Captain Cook

2 August 2014

Graeme Lay has written a trilogy of novels based around the life of James Cook. I recently read the first one The Secret Life of James Cook and enjoyed it immensely. I have long been fascinated by this man – child of illiterate Yorkshire country folk – who became an officer in the Royal Navy and was entrusted with missions to circumnavigate the globe and observe the transit of Venus from the south seas.

His early promise was recognised by a local landowner who sponsored him through school and got him his first apprenticeship as a grocer’s assistant in a coastal town. Here young James watched the fishing boats and listened to the tales of the seamen who frequented the port. He forfeited his position in the store and sought an apprenticeship in Whitby. After eight long years he was able to join the Royal Navy. He served with distinction in the war against France in Canada and successfully charted the coast of Newfoundland. This work brought him to the attention of the Admiralty and the Royal Society. This was extraordinary in the 18th century when navy officers came from the upper classes and the Royal Society was dominated by aristocratic, wealthy amateurs. One of these was Joseph Banks, who funded the Society’s scientific contingent aboard the Endeavour.

The reader gets to know something of the character of Cook through his official journal, which is a historical document, and his private journal written for his wife Elizabeth, which is not and which Lay uses as a convincing fictional device. It works well. The vexed relationship between Cook and Banks is explored and, when Cook is annoyed by Banks’s superior attitude, one feels his irritation and sense of inadequacy. Lay strikes a comfortable balance between the facts of Endeavour’s journey and Cook’s inner (imagined) thoughts about the gentlemen scientists, the men under his command (their diets and the ever-present threat of scurvy, their quarrels, their drinking and how they were disciplined), his family back home in England, and his duty to the navy, king and country.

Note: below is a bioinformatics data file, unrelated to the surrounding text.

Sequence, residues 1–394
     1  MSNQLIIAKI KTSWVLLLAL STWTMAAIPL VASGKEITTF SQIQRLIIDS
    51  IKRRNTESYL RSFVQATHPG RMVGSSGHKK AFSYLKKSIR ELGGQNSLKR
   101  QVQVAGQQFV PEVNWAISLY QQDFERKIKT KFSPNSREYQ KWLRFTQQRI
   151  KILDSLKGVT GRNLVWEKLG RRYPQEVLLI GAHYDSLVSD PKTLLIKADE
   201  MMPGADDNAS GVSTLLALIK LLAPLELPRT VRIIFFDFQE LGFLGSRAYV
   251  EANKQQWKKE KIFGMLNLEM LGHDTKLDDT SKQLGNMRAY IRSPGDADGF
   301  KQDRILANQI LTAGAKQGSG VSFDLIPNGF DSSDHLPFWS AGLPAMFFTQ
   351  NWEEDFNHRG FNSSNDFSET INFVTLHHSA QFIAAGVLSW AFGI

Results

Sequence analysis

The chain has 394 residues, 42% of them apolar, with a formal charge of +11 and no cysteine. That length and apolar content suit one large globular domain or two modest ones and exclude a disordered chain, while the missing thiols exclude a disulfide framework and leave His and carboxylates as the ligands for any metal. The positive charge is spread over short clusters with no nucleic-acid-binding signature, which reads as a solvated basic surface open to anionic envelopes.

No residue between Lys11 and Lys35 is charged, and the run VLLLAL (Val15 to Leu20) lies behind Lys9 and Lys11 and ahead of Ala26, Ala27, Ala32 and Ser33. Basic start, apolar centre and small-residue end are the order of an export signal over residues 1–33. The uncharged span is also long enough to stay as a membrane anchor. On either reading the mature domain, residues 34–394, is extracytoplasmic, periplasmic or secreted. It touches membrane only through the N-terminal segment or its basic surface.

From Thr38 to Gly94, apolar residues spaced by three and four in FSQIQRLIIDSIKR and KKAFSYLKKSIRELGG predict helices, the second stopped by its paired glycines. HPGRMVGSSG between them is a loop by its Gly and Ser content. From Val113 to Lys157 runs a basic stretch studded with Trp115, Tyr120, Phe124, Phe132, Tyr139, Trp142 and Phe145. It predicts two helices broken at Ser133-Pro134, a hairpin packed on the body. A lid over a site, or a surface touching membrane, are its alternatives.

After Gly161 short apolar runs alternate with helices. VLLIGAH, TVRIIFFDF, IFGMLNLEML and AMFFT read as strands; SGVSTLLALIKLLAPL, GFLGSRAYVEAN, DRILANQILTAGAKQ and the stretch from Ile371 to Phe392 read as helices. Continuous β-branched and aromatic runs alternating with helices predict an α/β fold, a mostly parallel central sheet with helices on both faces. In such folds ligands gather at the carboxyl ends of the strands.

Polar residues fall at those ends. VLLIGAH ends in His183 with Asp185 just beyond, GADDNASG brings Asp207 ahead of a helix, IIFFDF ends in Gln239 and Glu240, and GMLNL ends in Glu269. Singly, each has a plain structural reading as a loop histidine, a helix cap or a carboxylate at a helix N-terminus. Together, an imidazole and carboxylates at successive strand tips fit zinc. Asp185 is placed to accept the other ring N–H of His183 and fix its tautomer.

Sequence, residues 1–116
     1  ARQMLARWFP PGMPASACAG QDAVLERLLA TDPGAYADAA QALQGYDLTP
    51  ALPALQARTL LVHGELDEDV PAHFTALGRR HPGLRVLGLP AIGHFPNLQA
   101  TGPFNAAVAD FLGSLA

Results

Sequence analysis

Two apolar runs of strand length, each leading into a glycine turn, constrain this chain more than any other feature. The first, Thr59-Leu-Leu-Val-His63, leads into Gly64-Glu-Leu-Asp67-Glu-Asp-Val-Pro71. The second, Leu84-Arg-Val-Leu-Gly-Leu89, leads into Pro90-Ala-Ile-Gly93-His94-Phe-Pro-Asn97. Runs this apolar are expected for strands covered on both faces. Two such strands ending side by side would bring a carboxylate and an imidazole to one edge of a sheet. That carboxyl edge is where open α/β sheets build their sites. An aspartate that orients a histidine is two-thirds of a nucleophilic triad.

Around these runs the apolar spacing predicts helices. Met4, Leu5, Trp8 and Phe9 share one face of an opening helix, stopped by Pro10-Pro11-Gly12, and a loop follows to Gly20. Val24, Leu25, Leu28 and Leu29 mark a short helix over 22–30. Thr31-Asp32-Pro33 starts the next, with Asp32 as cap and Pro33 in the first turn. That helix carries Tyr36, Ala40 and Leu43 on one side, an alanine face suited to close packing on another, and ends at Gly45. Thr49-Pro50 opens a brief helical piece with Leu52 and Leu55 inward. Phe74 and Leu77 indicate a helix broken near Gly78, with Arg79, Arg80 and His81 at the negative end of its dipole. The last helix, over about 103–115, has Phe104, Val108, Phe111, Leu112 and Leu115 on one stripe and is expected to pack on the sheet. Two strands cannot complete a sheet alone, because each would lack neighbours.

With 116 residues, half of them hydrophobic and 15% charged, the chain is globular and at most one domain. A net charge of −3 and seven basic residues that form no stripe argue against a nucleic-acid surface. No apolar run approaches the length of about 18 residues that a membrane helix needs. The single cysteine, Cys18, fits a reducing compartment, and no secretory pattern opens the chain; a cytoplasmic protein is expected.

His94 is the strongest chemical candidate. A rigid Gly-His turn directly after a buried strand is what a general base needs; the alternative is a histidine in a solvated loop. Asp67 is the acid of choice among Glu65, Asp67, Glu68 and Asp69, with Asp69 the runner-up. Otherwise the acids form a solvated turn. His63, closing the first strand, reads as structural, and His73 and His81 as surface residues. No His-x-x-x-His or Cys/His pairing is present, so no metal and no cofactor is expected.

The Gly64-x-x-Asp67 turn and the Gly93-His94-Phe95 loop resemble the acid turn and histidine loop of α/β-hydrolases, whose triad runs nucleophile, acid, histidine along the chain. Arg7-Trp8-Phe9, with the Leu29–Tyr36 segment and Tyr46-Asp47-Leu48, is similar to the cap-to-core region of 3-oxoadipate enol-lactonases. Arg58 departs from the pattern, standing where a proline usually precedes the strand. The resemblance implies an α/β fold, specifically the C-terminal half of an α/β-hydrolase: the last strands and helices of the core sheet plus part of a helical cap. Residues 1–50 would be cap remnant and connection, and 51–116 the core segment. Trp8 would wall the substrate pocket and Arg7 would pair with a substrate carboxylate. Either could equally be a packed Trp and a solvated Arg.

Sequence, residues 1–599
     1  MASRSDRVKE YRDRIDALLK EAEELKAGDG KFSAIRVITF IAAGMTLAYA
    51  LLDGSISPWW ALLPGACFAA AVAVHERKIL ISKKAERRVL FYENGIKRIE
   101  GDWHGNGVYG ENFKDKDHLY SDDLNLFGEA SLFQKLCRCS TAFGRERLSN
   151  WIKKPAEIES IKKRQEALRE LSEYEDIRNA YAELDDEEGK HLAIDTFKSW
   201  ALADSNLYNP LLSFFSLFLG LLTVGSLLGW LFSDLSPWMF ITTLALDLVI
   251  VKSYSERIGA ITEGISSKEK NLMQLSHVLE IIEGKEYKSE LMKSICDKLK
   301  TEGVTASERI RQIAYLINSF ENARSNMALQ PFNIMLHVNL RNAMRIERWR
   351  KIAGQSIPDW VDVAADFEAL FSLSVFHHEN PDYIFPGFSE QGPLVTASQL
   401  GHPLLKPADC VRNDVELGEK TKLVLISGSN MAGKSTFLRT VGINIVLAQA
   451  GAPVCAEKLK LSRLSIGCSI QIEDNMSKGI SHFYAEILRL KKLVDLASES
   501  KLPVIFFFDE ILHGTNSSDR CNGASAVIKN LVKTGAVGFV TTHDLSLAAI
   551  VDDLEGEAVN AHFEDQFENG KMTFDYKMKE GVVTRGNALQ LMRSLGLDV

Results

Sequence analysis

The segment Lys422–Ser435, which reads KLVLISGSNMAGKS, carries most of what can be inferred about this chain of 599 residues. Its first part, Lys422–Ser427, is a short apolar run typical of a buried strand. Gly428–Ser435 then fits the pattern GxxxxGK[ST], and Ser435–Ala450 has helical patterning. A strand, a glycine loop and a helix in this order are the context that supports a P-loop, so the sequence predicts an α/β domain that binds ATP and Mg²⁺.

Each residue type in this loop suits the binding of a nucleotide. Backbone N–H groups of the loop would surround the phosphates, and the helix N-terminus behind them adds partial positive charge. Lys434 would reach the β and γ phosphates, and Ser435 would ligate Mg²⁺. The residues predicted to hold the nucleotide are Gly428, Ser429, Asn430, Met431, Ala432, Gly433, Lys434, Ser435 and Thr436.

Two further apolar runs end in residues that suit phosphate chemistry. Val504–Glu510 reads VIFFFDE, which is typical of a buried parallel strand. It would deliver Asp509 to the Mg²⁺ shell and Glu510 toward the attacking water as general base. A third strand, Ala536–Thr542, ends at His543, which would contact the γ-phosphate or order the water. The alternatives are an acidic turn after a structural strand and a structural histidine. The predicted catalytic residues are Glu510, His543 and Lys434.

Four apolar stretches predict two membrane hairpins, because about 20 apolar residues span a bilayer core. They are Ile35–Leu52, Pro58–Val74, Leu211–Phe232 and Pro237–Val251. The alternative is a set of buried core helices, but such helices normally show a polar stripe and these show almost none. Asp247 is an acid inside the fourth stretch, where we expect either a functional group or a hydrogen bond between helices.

Graeme Lay is something an expert on the Pacific and his version of the Endeavour’s visit to Tahiti is well-drawn and informative. For New Zealanders, the chapters about the voyage around the our coast and Cook’s naming of bays, inlets, mountains and rivers is especially interesting. For this reader, looking at our beautiful pastel drawing of Young Nick’s Head by Gisborne artist Zoe Alford while reading the relevant chapter, was particularly poignant.

I read one review that listed some of the historical inaccuracies in the novel. They seemed minor to me and don’t detract from Lay’s account, which is, after all, fictional. Another review found Lay’s portrayal of Cook passionless but I liked his stalwart, somewhat buttoned-up character. Cook must have been made of very stern stuff to have accomplished all that he achieved. His humanity is revealed in his soul-searching about the deaths of some of his men and his longing to see his wife and children.

I already have the next book of the trilogy (James Cook’s New World) on my bedside table and will buy the final book as soon as it is published.

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